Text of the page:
Home »  Sport

Laundry quandary

Wednesday, 16 April 2014 - 10:30am IST | Place: Mumbai | Agency: dna

Dhoni says 'laundry' when asked about how to clean up the game following spot-fixing scandal and thus begins seventh edition of IPL

Traditionally, the show must go on. It may be a stupid thing to say but that, in a nutshell, is what's going on. We have a new record out; if we won't tour, the new record dies. It's reality. It's what business is nowadays. You just need to tour to sell your albums
—Kerry King, iconic American guitarist

Almost 11 months to the day, S Sreesanth's alleged 'towel tactics' blew the lid off what many suspected was everyday business in the IPL. But after numerous arrests and releases, probes and panels, hearings and pleas, debates and discussions, 'The Great Indian Tamasha' is back to 'entertain' you. Largely unscathed. Who cares about reputations anyway? It's all about the money, baby.

Well, it's not for nothing they say cricket is a religion in India. After all, our 'gods' and 'demigods' can do no wrong. Sreesanth was, perhaps, an exception. Darn it, how could he? No wonder they banned him. For life. The rest are obviously innocent until caught with a towel. Or whatever.

Cricket, in the subcontinent, sells because it is supposed to be the most believable — should we say purest? — form of reality television. The sight of McCullum executing an out-of-the-world stroke will leave you spellbound. So will a Malinga yorker. And a Pollard catch. And those dimples. You know whose!

As the seventh edition of the league gets under way in the dazzling desert kingdom, the United Arab Emirates, cricket-crazy fans back home are happy they have something to keep them occupied. The general elections, or 'desh ka sabse bada talent show' according to a commercial, is held every five years. Thank god for a stable democracy. But don't worry: the bandwagon will move to India on May 2.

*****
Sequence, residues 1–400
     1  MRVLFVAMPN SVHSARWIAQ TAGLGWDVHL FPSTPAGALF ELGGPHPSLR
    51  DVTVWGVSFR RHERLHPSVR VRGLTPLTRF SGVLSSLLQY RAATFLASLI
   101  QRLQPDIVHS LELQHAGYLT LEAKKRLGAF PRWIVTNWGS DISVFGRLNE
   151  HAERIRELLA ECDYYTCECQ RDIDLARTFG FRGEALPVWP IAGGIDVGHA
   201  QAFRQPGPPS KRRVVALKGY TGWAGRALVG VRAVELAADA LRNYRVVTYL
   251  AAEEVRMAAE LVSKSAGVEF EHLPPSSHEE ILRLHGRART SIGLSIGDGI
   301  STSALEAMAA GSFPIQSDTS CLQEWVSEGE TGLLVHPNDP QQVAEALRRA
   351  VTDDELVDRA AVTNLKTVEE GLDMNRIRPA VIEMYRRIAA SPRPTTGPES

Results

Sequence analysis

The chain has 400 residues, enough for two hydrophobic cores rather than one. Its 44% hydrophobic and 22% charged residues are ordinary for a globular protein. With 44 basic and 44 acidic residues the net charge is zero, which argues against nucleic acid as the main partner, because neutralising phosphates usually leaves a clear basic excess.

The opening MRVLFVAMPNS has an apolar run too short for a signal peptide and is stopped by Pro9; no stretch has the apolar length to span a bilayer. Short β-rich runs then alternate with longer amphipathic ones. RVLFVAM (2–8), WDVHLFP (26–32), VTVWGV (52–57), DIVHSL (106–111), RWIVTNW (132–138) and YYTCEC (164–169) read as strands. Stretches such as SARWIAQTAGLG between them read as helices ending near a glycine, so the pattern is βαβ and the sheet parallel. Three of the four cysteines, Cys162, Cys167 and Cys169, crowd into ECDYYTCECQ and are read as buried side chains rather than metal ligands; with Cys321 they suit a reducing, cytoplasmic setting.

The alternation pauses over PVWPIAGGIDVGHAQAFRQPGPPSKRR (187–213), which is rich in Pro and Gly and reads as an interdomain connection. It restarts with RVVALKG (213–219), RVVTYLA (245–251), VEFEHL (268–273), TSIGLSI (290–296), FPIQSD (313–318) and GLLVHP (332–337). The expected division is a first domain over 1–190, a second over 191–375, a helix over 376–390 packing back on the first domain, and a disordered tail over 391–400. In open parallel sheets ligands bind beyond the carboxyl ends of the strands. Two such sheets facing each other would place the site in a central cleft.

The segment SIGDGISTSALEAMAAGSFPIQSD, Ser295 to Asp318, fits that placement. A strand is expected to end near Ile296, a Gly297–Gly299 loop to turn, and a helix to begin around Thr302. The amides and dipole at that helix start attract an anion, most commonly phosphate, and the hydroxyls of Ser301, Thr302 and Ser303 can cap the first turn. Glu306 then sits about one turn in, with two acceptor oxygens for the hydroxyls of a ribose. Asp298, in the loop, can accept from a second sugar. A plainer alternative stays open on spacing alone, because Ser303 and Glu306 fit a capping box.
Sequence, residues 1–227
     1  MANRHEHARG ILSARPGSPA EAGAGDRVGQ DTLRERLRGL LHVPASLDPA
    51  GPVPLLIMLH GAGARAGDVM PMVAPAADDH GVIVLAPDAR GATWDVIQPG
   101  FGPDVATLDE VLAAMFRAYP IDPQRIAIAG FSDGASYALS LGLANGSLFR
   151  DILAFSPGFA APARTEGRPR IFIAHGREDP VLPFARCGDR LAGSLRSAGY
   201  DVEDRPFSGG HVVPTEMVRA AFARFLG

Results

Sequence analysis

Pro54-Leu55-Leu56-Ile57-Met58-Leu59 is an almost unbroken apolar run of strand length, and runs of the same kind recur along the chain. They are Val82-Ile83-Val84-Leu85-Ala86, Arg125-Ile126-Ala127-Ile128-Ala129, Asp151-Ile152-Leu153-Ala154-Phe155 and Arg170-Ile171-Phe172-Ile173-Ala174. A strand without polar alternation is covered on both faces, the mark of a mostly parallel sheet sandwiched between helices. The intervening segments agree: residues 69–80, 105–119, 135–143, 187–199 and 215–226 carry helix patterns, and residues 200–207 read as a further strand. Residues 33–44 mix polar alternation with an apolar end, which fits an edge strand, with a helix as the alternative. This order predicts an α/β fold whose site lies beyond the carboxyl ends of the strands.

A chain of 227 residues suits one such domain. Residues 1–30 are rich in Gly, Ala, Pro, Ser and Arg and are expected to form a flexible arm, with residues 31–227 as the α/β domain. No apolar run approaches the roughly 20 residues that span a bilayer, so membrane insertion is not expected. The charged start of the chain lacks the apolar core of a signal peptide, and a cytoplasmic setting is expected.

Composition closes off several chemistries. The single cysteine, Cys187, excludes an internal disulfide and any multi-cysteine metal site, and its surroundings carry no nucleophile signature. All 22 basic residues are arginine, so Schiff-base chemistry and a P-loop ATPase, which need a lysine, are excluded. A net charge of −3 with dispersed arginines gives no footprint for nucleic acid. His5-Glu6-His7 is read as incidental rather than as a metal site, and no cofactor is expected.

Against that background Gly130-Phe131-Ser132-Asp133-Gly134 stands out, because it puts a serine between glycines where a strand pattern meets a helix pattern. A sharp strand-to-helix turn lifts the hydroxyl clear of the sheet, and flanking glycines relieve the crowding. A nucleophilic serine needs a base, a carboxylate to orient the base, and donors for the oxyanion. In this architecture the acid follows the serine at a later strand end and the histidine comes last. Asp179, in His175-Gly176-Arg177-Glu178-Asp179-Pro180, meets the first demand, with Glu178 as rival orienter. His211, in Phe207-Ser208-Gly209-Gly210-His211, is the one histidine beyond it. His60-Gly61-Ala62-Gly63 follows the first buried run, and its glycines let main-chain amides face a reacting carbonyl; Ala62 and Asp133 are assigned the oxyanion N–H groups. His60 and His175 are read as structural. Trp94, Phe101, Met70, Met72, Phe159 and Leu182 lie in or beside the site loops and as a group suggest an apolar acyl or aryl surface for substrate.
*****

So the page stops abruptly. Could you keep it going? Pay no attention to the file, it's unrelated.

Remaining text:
And thank god for Lalit Modi, the "founder and architect" of the league who associates himself with all things good anywhere in the world. But question him about the ills plaguing the system (read IPL), he squarely blames N Srinivasan. How convenient!

Even as Sunil Gavaskar and Shivlal Yadav are doing their best to keep the ship afloat (with or without 'external' assistance), Srinivasan has finally admitted (in the Supreme Court) that Gurunath Meiyappan was the "public face" of the Chennai Super Kings. Talking of the most popular, and revered (for obvious reasons) franchise in the league, here's what skipper MS Dhoni said on Tuesday: "We will try the laundry, that's good, will keep us clean." No, he wasn't asked about ways and means to maintain good hygiene in the 'hot as hell' climes. The question was a simple, genuine and pertinent one. "How do you think we can clean up the IPL?" Ah, what a great sense of humour. Almost Russell Peters-esque. Whistle podu!

Come to think of it, the hearing into the PIL filed by the Cricket Association of Bihar will resume on Wednesday. But the IPL is not just recession-proof. So there isn't much to worry.

Onto more serious business and the first 20 matches, from Wednesday to April 30, will be played across three venues in the UAE. The Sharjah Cricket Association Stadium, which is incidentally located in Sharjah, will host six of these. From Miandad's six to Tendulkar's (welcome back, by the way) twin tons in three days, the venue has seen it all. It's also witnessed an awful lot else, which is why the NDA government advised the Indian team not to play there. But the BCCI (with its fair share of BJP and Congress honchos) obviously knows better. Sharjah, to them, is like a pilgrim centre.

Onto even more serious business and most eyes will be on Yuvraj Singh (who cost the Royal Challengers a whopping Rs 14 crore), Vijay Mallya and, of course, the cheerleaders. For all you know, the anti-corruption officers will be pressed into service this time. Who knows, they might even net a fish or two. There will be bans, but the fans will go nowhere. That's because IPL-8 will be back to thrill. This is real cricket, after all.

Jump to comments

Recommended Content